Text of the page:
Should she be worried at the thought of giving her talk for the first time to the all male audience of the Probus Club of Basingstoke? After all she had almost thirty years’ experiences to call upon, all far more serious than this. The good, the bad and the downright funny is how Jackie Dimmock described situations she encountered as an officer in the Hampshire & Isle of Wight Police. Discounting the usual Powerpoint slides, instead she used her hobby of quilting to amusingly illustrate some of her varied incidents as customs and practices changed over the years.
The W in WPC eventually went missing, as a Police Constable had that rank irrespective of gender. However, the uniform did not change until later so she had a straight skirt, stockings and suspenders. Not the most practical attire when responding to a reported break in and forced to climb over a school wall after her male colleague jokingly told her that the gate was locked.
In those days she was issued with a radio but had to buy a pair of handcuffs and a small truncheon that fitted inside her shoulder bag which she would swing with great effect at miscreants.Trousers came later, but these were men’s trousers and consequently fitted women badly. Today female Police Constables have tailored trousers, advanced radios, CS sprays, handcuffs, cameras and stab vests.
Undertaking a police driving course, Jackie was inexplicably taught to double de-clutch even though the car had a synchromesh gear box. Let out in a small car, although fitted with a blue light it had no siren so she had to use the horn to get through traffic. On her first outing she made the classic error of driving the wrong way up a one way street. Chasing a suspect would have been her excuse had she been reported.
At a meeting led by the then Chief Constable she failed to ask about a report that 99% of female officers suffered sexual harassment at work. Being news to Jackie she afterwards quizzed the Chief Constable as she wondered if she was the missing one percent. He said that to rectify matters she would be welcome to visit his office anytime. How times change.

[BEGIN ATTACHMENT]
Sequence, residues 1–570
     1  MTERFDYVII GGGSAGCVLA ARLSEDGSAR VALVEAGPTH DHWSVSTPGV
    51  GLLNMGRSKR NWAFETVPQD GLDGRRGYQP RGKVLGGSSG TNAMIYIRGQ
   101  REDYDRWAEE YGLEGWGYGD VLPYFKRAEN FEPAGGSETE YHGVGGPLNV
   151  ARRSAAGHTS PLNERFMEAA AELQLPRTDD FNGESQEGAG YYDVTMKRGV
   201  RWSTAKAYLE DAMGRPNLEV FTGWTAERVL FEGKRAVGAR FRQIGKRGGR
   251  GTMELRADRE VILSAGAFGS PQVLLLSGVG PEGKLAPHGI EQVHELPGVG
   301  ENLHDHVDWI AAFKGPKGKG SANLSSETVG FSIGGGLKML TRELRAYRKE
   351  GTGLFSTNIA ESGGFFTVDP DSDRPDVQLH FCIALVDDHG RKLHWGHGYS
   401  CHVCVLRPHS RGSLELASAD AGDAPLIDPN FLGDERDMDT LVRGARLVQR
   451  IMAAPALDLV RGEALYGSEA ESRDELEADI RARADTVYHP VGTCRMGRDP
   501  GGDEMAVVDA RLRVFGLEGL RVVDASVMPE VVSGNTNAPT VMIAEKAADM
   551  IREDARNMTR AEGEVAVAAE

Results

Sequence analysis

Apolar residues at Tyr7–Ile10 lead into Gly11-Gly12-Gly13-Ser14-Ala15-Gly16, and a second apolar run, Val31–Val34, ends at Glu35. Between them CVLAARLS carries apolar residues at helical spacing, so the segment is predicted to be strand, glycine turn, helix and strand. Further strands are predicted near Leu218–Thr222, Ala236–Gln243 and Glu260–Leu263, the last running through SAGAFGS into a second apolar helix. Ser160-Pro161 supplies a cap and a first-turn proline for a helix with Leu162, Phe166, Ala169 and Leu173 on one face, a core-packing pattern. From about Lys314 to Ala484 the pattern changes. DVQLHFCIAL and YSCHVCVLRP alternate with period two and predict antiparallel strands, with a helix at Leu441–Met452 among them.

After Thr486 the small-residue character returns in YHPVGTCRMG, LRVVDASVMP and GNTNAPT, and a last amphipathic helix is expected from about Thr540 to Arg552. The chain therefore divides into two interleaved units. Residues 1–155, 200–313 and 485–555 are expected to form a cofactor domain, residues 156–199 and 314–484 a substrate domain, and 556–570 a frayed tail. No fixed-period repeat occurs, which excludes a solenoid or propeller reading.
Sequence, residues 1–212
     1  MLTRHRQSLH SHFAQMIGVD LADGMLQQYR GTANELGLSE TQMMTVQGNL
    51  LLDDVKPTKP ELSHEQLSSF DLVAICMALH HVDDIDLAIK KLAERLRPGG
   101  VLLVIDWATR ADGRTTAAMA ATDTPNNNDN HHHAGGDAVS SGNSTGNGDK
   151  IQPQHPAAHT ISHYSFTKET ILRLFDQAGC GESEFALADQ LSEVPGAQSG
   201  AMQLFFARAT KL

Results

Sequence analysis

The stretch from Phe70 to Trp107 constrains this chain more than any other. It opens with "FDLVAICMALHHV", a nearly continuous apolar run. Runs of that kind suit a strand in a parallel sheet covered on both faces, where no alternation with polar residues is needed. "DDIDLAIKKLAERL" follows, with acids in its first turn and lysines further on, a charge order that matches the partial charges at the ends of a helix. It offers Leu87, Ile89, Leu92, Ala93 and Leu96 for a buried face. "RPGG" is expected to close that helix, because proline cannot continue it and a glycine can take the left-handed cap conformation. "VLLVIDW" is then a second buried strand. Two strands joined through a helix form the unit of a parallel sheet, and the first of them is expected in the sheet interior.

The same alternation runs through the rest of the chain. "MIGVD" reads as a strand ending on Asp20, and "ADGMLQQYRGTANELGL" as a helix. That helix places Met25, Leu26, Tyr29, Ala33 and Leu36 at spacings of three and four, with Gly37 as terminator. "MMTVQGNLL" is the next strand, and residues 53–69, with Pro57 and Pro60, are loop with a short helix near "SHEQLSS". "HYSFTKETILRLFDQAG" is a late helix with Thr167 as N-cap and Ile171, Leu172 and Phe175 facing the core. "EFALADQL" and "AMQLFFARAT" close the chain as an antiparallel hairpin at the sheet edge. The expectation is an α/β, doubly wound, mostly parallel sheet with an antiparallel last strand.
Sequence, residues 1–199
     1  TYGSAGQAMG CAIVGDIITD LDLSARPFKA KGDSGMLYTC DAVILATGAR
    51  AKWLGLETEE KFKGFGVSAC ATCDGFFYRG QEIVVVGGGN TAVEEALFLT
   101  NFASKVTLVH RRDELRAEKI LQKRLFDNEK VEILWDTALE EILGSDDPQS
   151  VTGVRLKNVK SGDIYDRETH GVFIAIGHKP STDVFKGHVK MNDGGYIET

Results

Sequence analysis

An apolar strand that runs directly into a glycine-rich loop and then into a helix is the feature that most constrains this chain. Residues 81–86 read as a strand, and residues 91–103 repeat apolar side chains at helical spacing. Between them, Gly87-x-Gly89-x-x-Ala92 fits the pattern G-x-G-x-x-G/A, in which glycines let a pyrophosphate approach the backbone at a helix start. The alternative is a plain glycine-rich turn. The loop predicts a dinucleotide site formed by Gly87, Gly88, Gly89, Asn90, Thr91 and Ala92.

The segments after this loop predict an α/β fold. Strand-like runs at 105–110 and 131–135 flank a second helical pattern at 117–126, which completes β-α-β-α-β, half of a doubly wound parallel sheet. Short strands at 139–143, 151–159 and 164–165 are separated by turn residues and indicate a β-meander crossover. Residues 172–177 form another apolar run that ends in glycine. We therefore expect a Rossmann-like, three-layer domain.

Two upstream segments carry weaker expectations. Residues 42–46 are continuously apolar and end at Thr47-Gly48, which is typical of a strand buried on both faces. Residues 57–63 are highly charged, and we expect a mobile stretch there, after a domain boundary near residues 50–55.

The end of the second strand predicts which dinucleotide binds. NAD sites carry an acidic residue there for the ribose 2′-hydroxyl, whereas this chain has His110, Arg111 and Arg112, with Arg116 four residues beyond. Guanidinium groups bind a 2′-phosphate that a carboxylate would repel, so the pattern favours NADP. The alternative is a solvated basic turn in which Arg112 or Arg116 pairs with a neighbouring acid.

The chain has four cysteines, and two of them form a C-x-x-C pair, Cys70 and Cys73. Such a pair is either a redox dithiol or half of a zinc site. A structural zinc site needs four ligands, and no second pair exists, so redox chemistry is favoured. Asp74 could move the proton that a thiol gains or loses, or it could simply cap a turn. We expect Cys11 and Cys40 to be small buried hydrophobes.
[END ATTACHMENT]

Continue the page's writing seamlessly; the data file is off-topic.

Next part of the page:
Following on from serving five years in the Child Protection Unit Jackie become a Schools Liaison officer. She was able to tease information out of children relating to domestic problems. Children told of drug addict mothers using a lighter under a tea spoon in the kitchen. Others being abused and their siblings in the same school equally suffering were unknown to teachers. Fathers who drove while drunk or did not wear a seat belt were all reported by the children.
Drug raids required a female office to be part of the team as she would be needed to handle women suspects. One raid on a bungalow the suspect escaped out of a window. Jackie leaned out trying to spot him. An inquisitive donkey came up to the window and bit Jackie’s left breast. Everyone said that they should examine the damaged area as it needed to be recorded in the accident book.
In the early days of DNA she became a scene of crimes officer. A girl had been murdered alongside the Basingstoke canal in 1981 with no suspect emerging. All the evidence was kept in Basingstoke. In 2002, in the north, a wife reported her husband for assault. Using familial DNA profiling he was eventually charged with the murder.
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